In a small space on Buffalo’s Forest Avenue previously occupied by other creatives, Tim Roby and Rebekkah Champ are pioneering a new hybrid gallery. Dog & Pony Projects is a quaint room with standard white walls and a table of hors d’ ouevres in the corner, but the atmosphere is much less pretentious; the banal materials that comprise works shown are balanced with avant-garde techniques, foreign imagination and a nearly tangible sense of enjoyment the artist gained from creating them.
The couple thought they would take their new venture slow and steady, but even up against mainstays like Hallwalls, Buffalo Arts Studio, Big Orbit, CEPA and others for May’s First Friday event, Dog & Pony had an impressive turnout. Crowds filtered in to view virtually anonymous artists and stayed to visit with the recently transplanted couple. Tim and Rebekkah met in Minneapolis where they both worked in galleries, gathering experience and a sense of complacency toward the more typical exhibitions. “Not to say that other galleries aren’t showing good things, but by having our own place, we’re guaranteed to show things that we like,” stated Roby. “The experience is about things you see and hear. We’re trying to put on great exhibits to give people an experience they’ve never had before.”
Roby points out that the artists chosen for the grand opening show were not locals simply because he wasn’t able to find a Buffalo artist whose style fit with their taste and hadn’t already shown a few other times this year. “They are doing great things, but we want to show new stuff that the residents aren’t aware of,” said Champ. “It’s also partly because we don’t know too many people yet that we are having trouble finding and booking these artists.” But Roby and Champ aren’t the only curators who feel this way; nearly every curator I’ve spoken with to date is having a hard time picking from the list of ubiquitous regional artists. Where are the emerging and the fresh-from-college artists?
In central Illinois where Roby went to grad school, he found loads of exhibits taking place in dorm rooms, apartments and basements by artists who had barely walked into a formal gallery, let alone shown in one. This experience led directly to the decision that Dog & Pony really needed to be a place for college kids to hang out and show work without prejudice, or a collared shirt. “It was really important for me to see what was going on and what they were showing, so I’d like to get in touch with the students at Buffalo State and the other colleges,” Roby mentions. ”Even get some of the student artists in here.”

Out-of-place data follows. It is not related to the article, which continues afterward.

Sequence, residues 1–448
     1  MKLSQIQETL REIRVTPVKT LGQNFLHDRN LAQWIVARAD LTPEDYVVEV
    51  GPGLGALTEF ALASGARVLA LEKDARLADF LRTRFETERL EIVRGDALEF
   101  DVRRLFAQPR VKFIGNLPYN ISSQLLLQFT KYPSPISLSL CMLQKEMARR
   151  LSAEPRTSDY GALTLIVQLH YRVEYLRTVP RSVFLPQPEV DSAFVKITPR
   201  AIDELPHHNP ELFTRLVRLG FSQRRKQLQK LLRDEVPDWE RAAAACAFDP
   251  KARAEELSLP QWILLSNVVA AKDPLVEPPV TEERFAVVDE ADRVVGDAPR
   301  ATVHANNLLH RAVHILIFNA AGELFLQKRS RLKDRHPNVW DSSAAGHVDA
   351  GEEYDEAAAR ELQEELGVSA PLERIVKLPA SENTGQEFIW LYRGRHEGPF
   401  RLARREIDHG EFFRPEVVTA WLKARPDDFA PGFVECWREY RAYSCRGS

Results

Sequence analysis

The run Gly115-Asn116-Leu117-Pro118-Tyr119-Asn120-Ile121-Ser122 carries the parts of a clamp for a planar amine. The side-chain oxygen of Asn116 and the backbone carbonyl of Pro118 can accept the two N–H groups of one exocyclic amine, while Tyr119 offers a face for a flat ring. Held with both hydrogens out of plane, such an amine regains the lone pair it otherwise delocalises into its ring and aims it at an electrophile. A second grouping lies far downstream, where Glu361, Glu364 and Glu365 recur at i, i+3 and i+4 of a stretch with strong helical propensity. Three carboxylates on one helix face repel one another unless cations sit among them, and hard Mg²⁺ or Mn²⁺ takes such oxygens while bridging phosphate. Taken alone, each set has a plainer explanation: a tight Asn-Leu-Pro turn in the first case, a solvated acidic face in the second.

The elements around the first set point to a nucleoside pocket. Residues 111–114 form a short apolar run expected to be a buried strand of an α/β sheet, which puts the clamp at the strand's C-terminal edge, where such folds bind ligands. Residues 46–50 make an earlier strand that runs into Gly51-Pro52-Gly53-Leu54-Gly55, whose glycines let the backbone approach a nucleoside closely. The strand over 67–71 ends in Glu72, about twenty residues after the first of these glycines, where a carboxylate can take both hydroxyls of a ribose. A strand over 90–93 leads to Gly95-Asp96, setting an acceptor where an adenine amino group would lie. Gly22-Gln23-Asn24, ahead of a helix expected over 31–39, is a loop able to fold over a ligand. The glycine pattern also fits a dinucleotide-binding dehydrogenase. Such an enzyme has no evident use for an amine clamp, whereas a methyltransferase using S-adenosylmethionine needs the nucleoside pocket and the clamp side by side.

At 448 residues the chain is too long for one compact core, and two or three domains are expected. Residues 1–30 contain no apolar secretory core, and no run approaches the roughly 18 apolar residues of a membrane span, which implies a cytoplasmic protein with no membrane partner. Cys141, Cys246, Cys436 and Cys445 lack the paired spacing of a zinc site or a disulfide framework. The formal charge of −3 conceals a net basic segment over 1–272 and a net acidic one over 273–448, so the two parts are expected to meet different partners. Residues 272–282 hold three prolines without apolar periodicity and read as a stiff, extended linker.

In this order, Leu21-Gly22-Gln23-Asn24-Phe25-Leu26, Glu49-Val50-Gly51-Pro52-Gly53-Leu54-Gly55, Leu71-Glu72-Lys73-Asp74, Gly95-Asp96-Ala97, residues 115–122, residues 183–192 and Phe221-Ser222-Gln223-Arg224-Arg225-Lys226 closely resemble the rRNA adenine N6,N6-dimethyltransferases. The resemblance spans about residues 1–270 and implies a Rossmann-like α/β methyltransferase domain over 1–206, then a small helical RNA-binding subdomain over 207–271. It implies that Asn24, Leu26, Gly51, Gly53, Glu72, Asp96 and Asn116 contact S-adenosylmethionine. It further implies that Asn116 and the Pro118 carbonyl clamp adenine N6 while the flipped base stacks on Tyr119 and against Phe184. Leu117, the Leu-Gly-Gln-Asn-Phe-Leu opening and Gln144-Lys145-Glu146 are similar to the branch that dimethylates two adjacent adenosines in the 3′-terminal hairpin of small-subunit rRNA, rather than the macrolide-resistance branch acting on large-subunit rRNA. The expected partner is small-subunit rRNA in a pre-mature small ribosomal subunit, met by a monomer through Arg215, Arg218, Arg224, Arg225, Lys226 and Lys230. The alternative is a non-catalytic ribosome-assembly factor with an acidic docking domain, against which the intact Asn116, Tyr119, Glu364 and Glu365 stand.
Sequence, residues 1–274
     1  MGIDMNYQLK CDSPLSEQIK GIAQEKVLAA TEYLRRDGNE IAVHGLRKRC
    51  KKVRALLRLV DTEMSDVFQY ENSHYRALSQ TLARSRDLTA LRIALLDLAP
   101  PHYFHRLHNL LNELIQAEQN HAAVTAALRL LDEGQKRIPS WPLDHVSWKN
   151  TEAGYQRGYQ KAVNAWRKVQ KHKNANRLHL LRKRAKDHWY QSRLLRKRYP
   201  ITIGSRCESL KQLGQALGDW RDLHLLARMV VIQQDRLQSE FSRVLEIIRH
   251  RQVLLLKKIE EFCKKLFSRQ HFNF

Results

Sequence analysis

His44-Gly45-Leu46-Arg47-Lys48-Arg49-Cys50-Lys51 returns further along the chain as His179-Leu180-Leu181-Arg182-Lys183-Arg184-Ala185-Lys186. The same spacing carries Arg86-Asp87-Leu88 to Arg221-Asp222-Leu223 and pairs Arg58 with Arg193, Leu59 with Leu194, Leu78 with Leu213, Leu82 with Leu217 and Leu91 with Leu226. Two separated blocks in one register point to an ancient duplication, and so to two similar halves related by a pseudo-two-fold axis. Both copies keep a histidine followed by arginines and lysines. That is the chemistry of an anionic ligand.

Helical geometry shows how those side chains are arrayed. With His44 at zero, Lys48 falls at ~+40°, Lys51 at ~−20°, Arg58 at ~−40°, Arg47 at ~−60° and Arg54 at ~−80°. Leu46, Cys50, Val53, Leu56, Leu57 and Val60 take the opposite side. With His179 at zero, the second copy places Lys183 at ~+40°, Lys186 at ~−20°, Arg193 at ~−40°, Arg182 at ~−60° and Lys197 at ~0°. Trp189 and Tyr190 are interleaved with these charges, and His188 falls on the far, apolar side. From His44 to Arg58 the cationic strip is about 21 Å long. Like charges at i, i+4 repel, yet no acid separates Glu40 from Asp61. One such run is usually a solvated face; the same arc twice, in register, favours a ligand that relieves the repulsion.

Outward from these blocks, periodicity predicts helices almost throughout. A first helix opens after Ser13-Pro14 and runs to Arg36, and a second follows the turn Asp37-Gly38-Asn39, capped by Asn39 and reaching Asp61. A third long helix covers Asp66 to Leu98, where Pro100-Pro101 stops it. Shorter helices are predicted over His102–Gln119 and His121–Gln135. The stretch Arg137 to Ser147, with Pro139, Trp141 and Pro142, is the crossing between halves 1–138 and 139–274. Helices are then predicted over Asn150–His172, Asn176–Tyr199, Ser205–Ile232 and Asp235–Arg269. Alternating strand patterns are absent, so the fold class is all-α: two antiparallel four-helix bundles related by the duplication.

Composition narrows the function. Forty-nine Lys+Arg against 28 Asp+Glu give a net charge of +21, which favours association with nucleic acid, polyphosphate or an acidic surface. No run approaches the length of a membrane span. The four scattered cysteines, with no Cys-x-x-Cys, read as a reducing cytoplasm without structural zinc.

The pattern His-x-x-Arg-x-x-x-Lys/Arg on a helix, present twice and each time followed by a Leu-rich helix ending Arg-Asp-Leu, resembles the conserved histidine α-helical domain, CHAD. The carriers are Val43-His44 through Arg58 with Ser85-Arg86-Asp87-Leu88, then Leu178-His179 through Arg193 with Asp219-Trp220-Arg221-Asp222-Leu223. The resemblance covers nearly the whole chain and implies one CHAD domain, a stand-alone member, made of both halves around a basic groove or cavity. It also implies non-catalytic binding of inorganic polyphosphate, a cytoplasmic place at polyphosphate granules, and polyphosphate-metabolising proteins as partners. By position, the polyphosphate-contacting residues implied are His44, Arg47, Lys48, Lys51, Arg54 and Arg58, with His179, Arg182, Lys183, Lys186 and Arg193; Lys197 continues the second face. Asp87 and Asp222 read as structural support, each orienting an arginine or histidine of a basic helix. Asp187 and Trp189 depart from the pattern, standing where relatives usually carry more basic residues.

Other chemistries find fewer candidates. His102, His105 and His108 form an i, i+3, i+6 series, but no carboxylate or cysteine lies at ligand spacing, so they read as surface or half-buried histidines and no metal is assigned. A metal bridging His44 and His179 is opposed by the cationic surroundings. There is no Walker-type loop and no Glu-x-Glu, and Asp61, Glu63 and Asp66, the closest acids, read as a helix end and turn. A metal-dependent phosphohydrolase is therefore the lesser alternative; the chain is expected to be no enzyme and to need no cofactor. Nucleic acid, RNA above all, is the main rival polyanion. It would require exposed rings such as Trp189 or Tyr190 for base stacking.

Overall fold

Both owners have fine art backgrounds and exhibit frequently in other cities where they’ve been expected to challenge their mediums and so, they give priority to artists that tackle that same challenge. For recent shows, Champ has collected vintage fabrics with rutted textures that she’s sewn to form stuffed, horizontal udders. She then groups the udders into an organic arrangement sprouting from the wall or rising from the floor like flames on cement, but works to keep the overall experience as innocent as stumbling upon a child stuffed toy collection. “…the colors are not bright, the forms are not outrageous, but within this subtle expression, there are small instances of sensory disruption between my manipulation of the space, the actual space it comes from, and the re-contextualization that comes when placed in a gallery.”
Roby lovingly described Arjan Zaueta’s paper towel embroidery as “a careful manipulation” as we continued to discuss the type of artwork that inspired the gallery. Having been surrounded by artists such as Zazueta, Roby found himself eager to master a medium. His three dimensional sculptures are made from polystyrene, foam coat and acrylic paint formulated into smooth surfaces. Simultaneously, the artist is recycling a material our society largely discards and is able to influence a material that flakes, shrinks and distorts easily. Roby’s work is a play on depth and thickness of materials. While his sculptures appear to be large-scale play dough shapes, his paintings are equally layered to the point that they almost look digital; the colors so solid and seamless, the lines dimensionless, but even in weight.
“We just don’t want [Dog & Pony] to be genre specific,” Roby says. “We’re open to people making challenging work using challenging materials to form great ideas.” They are looking forward to submission packets from Buffalo artists that they’ve yet to hear of and encourage artists to stop by the gallery on Saturdays with their portfolios. The call for work is open!
Dog and Pony Projects
561 Forest Avenue
Buffalo, NY 14222
(773) 407-3405 or (314) 520-1304
Laura Duquette is a former ballerina who now dances with words
and punctuation. She has a knack for asking questions faster than the
speed of sound, and her interviews are often off the cuff and personal.
She is Co-Owner of 12 Grain
Studio, a Buffalo based creative firm that gives typical web design a
kick in the ass.